FDA approved a 'contraception app,' but experts warn failure rates could be 'sky-high'

FDA last week approved a mobile app called Natural Cycles as a method of contraception, but some women's health experts have raised concerns about whether the app is an effective tool to prevent pregnancy, Inside Health Policy reports.

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About the app

FDA in a release said it has "permitted marketing of the first mobile medical application … that can be used as a method of contraception to prevent pregnancy."

According to FDA, the app "contains an algorithm that calculates the days of the month a woman is likely to be fertile based on daily body temperature readings and menstrual cycle information, a method of contraception called fertility awareness." To use the app properly, women must take their temperatures daily immediately upon waking up in the morning using a basal body thermometer, which comes with the app, and enter their temperatures into the app. Women also must enter data on their menstrual cycles into the app, which the app will then track.

FDA said the app will tell women when they should use protection based on the days when "they're more likely to be fertile." The agency said, "Women using the app for contraception should abstain from sex or use protection (such as a condom) when they see 'use protection' displayed on the app."

According to FDA, clinical studies on 15,570 women have shown that the "app had a 'perfect use' failure rate of 1.8%, which means 1.8 in 100 women who use the app for one year will become pregnant because they had sexual intercourse on a day when the app predicted they would not be fertile or because their contraceptive method failed when they had intercourse on a fertile day." FDA said the "app had a 'typical use' failure rate of 6.5%, which accounted for women sometimes not using the app correctly by, for example, having unprotected intercourse on fertile days."

FDA said the app "is intended for use in pre-menopausal women aged 18 and older." The agency said women with medical conditions that would present a significant risk to them or a fetus if they become pregnant, as well as women using contraceptives that inhibit ovulation, should not use the app. FDA noted that the app does not protect against sexually transmitted infections.

Terri Cornelison, assistant director for the health of women at FDA's Center for Devices and Radiological Health, said, "Consumers are increasingly using digital health technologies to inform their everyday health decisions, and this new app can provide an effective method of contraception if it's used carefully and correctly."

Juan Acuña, a specialist in obstetrics and gynecology at Florida International University and an adviser to Natural Cycles, said the app "helps fill a vacuum in the world of natural contraception."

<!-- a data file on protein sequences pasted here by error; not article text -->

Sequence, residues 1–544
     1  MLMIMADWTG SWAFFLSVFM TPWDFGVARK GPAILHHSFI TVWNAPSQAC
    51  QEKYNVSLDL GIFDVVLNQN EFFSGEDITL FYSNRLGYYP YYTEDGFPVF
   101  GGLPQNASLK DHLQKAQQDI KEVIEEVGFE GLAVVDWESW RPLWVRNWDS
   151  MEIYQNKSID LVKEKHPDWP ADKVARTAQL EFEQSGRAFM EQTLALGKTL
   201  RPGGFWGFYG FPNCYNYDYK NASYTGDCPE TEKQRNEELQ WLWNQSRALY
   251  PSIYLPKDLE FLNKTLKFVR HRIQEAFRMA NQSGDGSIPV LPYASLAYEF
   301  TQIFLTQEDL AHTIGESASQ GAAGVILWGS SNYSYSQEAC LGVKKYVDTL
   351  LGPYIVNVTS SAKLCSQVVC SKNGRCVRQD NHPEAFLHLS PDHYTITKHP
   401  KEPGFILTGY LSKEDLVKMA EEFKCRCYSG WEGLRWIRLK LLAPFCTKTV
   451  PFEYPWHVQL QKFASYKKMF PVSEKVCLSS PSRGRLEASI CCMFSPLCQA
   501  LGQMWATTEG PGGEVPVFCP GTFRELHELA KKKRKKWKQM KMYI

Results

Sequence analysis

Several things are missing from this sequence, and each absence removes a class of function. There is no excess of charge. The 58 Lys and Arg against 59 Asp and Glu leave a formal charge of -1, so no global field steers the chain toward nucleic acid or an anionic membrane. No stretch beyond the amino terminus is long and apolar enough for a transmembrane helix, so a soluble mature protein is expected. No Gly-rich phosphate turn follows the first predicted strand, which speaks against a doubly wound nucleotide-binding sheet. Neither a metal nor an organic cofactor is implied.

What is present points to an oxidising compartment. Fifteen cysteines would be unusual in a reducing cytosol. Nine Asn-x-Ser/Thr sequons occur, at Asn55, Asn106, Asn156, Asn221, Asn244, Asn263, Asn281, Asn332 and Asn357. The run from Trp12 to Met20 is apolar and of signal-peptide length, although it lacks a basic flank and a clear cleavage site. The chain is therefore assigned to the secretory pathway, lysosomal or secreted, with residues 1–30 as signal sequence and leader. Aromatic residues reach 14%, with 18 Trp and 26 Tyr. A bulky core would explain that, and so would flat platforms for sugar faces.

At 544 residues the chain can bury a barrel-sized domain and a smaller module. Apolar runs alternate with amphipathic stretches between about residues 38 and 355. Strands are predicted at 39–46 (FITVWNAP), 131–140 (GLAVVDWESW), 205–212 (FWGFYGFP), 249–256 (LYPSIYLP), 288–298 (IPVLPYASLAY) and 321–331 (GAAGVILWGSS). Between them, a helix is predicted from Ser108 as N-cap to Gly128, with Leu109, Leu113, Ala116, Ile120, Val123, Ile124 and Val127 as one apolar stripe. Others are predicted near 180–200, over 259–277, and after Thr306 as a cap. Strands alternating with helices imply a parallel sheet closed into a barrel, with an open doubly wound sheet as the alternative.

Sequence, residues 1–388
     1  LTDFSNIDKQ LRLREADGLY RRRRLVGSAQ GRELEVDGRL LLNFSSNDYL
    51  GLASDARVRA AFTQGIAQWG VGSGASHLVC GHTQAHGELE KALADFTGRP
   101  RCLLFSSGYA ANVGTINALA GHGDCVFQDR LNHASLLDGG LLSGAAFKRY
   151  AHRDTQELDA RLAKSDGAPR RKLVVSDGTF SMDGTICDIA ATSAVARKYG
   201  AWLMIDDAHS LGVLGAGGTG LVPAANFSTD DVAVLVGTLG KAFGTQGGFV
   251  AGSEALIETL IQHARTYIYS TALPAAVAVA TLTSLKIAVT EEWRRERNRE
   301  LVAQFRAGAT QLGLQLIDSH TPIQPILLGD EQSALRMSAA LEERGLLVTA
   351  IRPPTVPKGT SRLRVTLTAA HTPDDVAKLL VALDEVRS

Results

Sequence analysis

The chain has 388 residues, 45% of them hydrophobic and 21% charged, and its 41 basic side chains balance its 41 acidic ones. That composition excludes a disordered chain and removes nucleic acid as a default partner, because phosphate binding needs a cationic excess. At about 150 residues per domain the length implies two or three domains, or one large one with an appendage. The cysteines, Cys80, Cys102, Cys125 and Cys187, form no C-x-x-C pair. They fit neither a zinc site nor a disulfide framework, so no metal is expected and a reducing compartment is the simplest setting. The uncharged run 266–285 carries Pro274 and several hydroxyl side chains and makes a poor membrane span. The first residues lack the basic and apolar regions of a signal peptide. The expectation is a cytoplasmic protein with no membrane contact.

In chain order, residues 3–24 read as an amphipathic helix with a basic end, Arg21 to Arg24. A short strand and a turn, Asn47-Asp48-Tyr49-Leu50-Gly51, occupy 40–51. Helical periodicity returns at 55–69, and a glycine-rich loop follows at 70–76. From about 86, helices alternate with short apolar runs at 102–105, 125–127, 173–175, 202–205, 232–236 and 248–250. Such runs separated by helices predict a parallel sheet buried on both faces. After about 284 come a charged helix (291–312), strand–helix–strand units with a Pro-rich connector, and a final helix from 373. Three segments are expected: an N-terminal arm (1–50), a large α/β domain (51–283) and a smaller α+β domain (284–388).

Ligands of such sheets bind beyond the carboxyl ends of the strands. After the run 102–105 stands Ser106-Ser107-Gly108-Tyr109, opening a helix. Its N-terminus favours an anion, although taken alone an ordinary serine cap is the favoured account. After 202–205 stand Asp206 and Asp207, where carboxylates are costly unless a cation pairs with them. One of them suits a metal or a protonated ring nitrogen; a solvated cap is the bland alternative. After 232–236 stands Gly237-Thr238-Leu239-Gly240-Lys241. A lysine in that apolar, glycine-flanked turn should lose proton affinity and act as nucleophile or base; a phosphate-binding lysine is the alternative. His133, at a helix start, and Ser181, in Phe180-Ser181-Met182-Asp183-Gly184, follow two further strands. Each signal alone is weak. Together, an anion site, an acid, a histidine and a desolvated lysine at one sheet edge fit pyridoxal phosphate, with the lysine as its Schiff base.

According to the Washington Post, the app costs $79.99 annually.

Experts raise concerns

However, some women's health experts have raised concerns about whether the app is an effective form of contraception.

According to Inside Health Policy, Cindy Pearson, executive director of the National Women's Health Network, and Jennifer Conti, a clinical assistant professor of obstetrics and gynecology at Stanford University and a fellow at Physicians for Reproductive Health, have said there is pervasive agreement among those in the women's health field that although fertility awareness is an effective way for women to track their menstrual cycles, the method has a high failure rate as a contraceptive when compared with other methods, such as birth control pills and implanted contraceptives.

Inside Health Policy reports that the app is being investigated in both Sweden and the United Kingdom because of reports that women became pregnant while using it. FDA spokesperson Deborah Kotz said, "We reached out to the Swedish authorities and feel that the information regarding the pregnancies in Sweden is consistent with our knowledge concerning the pregnancy risks associated with use of this device." Kotz added, "No method of birth control is 100% effective, and we encourage health care providers and women to discuss all options for contraception to choose the best option for them."

Conti said one reason fertility awareness has a relatively high failure rate as a contraceptive method is because women often have irregular menstrual cycles.

Lauren Streicher, a professor of clinical obstetrics and gynecology at Northwestern University's Feinberg School of Medicine, said, "What we know about reliable contraception is that it can't be user-dependent." She continued, "The minute you rely on action, the efficacy goes down. So take something like this and you know the failure rate is [going to be] be sky-high."

For its part, FDA said it will require Natural Cycles to include labeling for the app that details the "effectiveness of the application as a stand-alone contraceptive and how this effectiveness compares to other forms of legally marketed contraceptives" (Roza, Inside Health Policy, 8/10 [subscription required]; FDA release, 8/10; Siegel, Washington Post, 8/14; Bowden, The Hill, 8/14; Lieber, Vox, 8/14).

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